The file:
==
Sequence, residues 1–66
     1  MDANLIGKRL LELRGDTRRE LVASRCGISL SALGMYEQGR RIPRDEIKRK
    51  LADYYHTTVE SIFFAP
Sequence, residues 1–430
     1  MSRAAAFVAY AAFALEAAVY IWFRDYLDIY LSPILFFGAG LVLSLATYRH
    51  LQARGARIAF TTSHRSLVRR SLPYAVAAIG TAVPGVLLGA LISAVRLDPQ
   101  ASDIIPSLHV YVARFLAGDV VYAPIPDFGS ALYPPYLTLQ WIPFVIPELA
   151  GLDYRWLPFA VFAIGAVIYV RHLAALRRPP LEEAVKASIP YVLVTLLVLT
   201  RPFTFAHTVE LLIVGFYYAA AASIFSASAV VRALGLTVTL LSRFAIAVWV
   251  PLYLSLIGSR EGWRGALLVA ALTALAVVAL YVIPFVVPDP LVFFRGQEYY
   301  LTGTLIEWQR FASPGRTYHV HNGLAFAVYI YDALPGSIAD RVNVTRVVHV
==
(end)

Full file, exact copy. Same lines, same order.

Sequence, residues 1–66
     1  MDANLIGKRL LELRGDTRRE LVASRCGISL SALGMYEQGR RIPRDEIKRK
    51  LADYYHTTVE SIFFAP
Sequence, residues 1–430
     1  MSRAAAFVAY AAFALEAAVY IWFRDYLDIY LSPILFFGAG LVLSLATYRH
    51  LQARGARIAF TTSHRSLVRR SLPYAVAAIG TAVPGVLLGA LISAVRLDPQ
   101  ASDIIPSLHV YVARFLAGDV VYAPIPDFGS ALYPPYLTLQ WIPFVIPELA
   151  GLDYRWLPFA VFAIGAVIYV RHLAALRRPP LEEAVKASIP YVLVTLLVLT
   201  RPFTFAHTVE LLIVGFYYAA AASIFSASAV VRALGLTVTL LSRFAIAVWV
   251  PLYLSLIGSR EGWRGALLVA ALTALAVVAL YVIPFVVPDP LVFFRGQEYY
   301  LTGTLIEWQR FASPGRTYHV HNGLAFAVYI YDALPGSIAD RVNVTRVVHV